It was during the Lunar New Year time three years ago when Hubei province and its capital, Wuhan city, started seeing the outbreak of what was then reported as a "SARS-like disease." Yet, the new year celebrations where tens of thousands gather were allowed to proceed as usual. By the time Beijing ordered a complete lockdown of Wuhan on January 23, 2020, five million people from the city of 12 million had already left.

Beijing implemented some of the harshest lockdowns seen in the world

As the disease spread across the country, Beijing started implementing some of the harshest lockdowns seen in the world, where millions were ordered to stay in their homes and run PCR tests almost every day. Even when the situation stabilized, people were ordered to download a tracking app to monitor their movements and without a green signal from the app, one was not even allowed to board a bus or a train.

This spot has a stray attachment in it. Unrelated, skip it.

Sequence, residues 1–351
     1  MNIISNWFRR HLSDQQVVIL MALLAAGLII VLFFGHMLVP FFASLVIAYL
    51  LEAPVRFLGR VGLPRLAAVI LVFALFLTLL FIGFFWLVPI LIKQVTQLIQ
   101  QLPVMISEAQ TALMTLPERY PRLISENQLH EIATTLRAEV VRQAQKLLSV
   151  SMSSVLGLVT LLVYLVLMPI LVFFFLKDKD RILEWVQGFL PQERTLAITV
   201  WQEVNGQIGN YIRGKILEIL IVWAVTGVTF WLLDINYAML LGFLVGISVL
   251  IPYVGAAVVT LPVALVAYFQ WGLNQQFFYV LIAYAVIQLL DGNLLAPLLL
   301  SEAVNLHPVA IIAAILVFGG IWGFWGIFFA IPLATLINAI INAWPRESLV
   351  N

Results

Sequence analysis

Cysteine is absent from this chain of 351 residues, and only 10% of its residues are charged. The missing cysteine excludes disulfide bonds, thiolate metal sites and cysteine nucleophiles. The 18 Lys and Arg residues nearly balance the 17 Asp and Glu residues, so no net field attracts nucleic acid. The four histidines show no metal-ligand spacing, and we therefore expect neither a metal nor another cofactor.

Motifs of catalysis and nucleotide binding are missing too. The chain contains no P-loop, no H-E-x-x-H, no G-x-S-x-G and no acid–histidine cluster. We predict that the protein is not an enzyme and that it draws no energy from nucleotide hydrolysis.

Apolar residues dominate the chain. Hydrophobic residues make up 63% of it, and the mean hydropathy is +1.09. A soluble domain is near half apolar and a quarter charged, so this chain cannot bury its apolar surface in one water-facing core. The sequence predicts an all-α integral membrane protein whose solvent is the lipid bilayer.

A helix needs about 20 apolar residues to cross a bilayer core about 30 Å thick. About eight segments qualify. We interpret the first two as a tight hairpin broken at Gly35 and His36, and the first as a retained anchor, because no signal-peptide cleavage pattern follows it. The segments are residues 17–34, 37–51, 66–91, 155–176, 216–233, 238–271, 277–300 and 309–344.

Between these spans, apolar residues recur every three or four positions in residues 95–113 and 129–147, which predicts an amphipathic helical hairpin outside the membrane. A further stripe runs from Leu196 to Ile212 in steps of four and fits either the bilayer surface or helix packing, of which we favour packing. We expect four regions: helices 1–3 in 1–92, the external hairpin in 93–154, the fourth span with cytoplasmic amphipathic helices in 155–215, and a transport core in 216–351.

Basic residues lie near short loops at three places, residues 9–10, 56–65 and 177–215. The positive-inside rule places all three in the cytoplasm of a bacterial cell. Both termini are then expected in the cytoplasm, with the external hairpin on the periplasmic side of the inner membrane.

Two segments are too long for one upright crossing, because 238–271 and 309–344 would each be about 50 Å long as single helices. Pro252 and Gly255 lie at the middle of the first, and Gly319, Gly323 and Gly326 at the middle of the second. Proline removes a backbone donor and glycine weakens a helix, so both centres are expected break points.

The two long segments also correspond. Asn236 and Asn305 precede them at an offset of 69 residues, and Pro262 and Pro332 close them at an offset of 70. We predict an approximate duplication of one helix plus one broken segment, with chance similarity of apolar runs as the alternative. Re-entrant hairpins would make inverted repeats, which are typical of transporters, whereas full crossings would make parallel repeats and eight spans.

That was the state of things for three continuous years while the rest of the world started learning to live with the smaller outbreaks of Covid without disruption of life and the virus evolved into various mutants. But Beijing kept insisting their method of lockdowns and continuous testing was the only way to tackle the situation. That was until the first week of December.

All of a sudden, the Chinese Communist Party (CCP) dropped its Zero Covid policy, and the government removed all restrictions that were in place until then. The officials suddenly changed their tack and declared the virus as a mild one that needed very little surveillance. Together with this policy U-turn, Beijing also dropped issuing reports about the daily number of cases and narrowed down the definition of Covid deaths.